It might soon be legal to shoot a drone out of the sky.
Though the newly launched drone registration requirement will allow authorities to figure out who owns the drone thats breaking the rules, it doesn’t actually help law enforcement in the moment. With that in mind, lawmakers in Utah have proposed a more immediate solution to the problem of drones interfering with law enforcement: shoot ’em down.
Drones have become a big problem for law enforcement, and an even bigger problem for firefighters. When large fires were sweeping across the Midwest last year, the firefighters found their large planes grounded due to drones being spotted in the area. Rules prohibit aircraft from flying in airspace where drones are flying, so firefighters lost some ground with the fire while waiting for the hapless drone pilot to leave.
In fact, the problem got so bad that San Bernardino County, which dealt with some serious fire last summer, was offering $25,000 for information on rogue drones that derailed operations in three separate cases. One three to four foot drone was spotted flying in between two firefighting aircraft, which grounded the air support team. About one month later, a drone grounded a tanker. During the final incident, five drones were spotted over a fire, even chasing the air support units. Experts estimated the third incident delayed efforts by 15 to 20 minutes, which is a long time when so many things are at risk.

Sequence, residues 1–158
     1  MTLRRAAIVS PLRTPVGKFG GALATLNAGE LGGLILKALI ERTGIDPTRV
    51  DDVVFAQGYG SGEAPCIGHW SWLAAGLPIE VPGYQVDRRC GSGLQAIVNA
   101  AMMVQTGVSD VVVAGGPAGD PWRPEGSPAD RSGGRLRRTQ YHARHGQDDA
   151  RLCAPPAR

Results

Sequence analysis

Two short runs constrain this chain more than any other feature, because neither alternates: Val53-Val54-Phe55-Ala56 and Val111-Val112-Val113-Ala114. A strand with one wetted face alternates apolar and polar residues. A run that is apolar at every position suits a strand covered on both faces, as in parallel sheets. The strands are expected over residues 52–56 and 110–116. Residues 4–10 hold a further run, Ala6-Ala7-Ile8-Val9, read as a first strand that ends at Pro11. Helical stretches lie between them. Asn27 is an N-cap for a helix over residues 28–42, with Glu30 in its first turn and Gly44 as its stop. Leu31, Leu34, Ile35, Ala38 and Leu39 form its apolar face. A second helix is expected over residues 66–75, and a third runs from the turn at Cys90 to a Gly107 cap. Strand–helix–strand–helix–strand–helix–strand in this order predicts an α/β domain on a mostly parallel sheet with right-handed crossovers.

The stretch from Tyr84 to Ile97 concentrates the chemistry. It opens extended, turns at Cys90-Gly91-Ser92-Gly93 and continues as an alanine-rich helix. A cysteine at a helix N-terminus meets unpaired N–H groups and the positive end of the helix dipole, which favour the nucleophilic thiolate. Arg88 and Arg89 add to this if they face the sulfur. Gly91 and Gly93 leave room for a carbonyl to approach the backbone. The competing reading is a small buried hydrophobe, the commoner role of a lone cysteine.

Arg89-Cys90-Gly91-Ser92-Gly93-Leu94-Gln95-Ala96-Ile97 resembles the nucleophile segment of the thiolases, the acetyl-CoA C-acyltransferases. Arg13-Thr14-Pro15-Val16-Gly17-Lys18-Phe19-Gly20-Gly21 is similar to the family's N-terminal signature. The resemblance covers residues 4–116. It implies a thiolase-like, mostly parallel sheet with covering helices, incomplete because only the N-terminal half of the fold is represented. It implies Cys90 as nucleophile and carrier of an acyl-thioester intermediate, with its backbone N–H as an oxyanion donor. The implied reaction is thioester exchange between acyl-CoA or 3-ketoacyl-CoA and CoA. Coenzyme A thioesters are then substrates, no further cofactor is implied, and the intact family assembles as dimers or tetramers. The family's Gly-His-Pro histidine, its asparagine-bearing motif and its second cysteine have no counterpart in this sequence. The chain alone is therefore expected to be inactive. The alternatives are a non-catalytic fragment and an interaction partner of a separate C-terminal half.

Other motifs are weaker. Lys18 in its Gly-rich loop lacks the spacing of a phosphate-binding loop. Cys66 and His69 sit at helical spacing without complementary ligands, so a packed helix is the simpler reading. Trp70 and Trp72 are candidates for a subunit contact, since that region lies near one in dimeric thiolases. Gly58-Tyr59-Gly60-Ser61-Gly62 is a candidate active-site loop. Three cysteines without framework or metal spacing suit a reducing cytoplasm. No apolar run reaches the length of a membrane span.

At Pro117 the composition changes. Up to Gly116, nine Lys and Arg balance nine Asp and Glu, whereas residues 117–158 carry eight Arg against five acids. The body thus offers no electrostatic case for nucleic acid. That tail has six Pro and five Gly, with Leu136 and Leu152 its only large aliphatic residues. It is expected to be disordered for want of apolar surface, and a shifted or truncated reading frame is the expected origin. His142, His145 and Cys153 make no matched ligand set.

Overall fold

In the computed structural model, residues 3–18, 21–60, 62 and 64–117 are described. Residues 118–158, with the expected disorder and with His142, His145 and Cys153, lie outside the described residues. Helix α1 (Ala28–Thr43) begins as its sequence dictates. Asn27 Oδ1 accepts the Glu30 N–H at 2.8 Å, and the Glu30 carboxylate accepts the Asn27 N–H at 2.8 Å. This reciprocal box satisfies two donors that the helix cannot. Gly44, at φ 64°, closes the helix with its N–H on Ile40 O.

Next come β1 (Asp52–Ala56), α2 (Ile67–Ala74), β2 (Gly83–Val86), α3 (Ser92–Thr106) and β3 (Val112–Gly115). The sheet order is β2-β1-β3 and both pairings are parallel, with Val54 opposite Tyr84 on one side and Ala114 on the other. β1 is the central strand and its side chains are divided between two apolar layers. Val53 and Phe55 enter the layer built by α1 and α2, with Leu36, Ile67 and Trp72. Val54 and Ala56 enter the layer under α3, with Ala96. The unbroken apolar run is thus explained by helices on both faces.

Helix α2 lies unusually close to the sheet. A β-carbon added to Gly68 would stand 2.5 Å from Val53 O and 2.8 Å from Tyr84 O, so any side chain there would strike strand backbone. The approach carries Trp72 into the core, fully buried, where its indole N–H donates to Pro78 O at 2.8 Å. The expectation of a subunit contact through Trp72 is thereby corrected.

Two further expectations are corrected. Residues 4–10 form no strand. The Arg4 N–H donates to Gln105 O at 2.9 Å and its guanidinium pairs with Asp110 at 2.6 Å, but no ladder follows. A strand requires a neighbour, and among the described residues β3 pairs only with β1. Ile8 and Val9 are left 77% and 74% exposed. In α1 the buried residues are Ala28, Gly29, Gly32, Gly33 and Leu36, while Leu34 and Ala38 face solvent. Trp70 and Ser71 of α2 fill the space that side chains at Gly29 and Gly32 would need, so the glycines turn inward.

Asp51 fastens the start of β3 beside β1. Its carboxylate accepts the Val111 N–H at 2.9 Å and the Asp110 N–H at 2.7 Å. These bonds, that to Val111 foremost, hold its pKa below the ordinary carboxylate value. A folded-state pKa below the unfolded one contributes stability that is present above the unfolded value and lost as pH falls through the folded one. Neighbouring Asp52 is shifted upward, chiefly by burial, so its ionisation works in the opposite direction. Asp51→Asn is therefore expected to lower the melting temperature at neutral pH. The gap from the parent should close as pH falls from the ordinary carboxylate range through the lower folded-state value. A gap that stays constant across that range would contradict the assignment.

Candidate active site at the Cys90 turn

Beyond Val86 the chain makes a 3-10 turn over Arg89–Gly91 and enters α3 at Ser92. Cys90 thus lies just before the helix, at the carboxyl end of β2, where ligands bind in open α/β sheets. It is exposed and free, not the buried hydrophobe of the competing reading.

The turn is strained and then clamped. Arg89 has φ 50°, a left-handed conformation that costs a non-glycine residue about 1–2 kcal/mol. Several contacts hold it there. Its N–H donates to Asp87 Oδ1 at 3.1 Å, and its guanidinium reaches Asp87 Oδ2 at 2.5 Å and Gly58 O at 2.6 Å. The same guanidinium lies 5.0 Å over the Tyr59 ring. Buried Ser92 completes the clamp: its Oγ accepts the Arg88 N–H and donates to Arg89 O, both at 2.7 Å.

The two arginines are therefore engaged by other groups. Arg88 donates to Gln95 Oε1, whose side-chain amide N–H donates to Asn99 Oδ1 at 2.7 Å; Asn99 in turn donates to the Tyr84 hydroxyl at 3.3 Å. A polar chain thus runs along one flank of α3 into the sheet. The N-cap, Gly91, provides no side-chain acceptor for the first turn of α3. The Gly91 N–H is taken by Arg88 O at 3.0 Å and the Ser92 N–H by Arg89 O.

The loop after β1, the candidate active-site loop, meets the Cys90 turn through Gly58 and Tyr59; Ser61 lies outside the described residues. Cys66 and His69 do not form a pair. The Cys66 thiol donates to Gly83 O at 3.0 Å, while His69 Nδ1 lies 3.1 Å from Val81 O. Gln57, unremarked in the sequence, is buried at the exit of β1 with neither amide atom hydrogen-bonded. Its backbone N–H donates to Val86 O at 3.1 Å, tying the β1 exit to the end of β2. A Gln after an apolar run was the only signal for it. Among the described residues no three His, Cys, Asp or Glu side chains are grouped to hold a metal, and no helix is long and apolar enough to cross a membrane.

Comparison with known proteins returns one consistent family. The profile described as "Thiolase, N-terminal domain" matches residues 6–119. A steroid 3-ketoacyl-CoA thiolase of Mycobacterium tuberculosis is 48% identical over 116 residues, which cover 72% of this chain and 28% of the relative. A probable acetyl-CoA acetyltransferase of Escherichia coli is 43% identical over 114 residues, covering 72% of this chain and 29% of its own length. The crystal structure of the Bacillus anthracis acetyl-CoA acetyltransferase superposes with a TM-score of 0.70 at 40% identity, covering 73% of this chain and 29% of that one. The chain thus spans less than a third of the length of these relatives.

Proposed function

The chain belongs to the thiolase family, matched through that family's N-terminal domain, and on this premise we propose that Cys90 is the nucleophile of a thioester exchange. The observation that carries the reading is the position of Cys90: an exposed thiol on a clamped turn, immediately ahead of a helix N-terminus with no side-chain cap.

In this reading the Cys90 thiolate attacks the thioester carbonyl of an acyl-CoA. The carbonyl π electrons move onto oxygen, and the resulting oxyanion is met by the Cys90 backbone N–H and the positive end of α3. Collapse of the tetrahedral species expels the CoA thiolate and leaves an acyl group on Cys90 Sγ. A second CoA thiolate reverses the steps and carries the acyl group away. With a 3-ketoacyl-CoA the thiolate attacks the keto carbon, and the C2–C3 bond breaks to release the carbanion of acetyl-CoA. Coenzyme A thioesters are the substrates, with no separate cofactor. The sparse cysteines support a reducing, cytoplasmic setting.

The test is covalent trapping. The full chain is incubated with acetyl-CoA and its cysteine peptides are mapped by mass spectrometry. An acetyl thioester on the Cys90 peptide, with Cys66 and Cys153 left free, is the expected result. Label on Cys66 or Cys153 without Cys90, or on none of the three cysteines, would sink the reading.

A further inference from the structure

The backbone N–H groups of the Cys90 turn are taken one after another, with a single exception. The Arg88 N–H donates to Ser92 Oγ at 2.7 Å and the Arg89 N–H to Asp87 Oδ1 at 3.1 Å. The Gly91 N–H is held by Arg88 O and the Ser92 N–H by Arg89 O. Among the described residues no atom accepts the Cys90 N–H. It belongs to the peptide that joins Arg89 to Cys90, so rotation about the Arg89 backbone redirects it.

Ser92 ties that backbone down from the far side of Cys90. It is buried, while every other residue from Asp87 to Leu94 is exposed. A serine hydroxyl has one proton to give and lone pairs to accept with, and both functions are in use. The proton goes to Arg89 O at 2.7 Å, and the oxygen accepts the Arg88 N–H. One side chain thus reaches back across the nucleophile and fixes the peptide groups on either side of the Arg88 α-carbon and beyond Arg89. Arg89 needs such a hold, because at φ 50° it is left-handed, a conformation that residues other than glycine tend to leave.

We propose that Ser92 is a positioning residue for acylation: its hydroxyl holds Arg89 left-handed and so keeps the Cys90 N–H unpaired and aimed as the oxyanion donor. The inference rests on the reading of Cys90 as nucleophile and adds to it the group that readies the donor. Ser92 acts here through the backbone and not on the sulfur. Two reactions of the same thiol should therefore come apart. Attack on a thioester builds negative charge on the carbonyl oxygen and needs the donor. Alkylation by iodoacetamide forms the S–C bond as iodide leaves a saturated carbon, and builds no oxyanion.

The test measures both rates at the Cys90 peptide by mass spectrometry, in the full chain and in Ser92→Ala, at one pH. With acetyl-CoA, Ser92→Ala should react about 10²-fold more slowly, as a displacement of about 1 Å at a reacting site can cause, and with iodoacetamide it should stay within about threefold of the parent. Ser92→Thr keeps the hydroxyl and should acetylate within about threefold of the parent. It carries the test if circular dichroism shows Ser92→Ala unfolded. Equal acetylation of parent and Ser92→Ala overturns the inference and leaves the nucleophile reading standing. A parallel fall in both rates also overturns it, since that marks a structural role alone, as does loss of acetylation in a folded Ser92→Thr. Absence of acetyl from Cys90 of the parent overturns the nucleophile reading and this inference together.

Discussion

The U.S. Forest Service had to reiterate their commitment to keeping their pilots safe by grounding aircraft if a drone is spotted–even if that delay means the fire gets worse or destroys more property. They also more recently reported that in 2014 they had only a handful of drone incidents, but that interference rose to include more than a dozen wildfires in 2015.
Lawmakers in Utah actually have two separate, but similar, bills on the table. One would allow law enforcement to “neutralize” drones. While “neutralize” is a fairly unassuming word, it could include shooting the drones, jamming their signals, or simply asking the pilot to leave. The vote was tabled while the legislation hears from the public, but according to an interview by AP of Sen Alvin Jackson, chair of the technology committee, most of that is already covered by state and federal laws.
The second bill hasn’t been debated yet, but it probably doesn’t give anyone express permission to shoot down a drone, since the bill’s sponsor noted that is the most dangerous way to get rid of a drone.
The important part is that no legislation gives you, the average gun owner, the legal okay to shoot down a drone. In fact, generally that is frowned up. In fact, when Brett McBay shot down Eric Joe’s drone, which McBay claimed was flying over his land, the court ruled in Joe’s favor. The court found that McBay “acted unreasonably in having his son shoot the drone down regardless of whether it was over his property or not.”
Generally, agencies try and find a less dangerous way to get drones out of the way, including tracking down the operators.
It’s not clear how much traction either of these bills will gain, but a similar bill in California that would have protected law enforcement from an repercussions should they shoot down a drone vetoed by the governor. A bill in Oklahoma that would have made it legal for homeowners to do shoot down drones also failed.
Filed Under: Aerospace + defense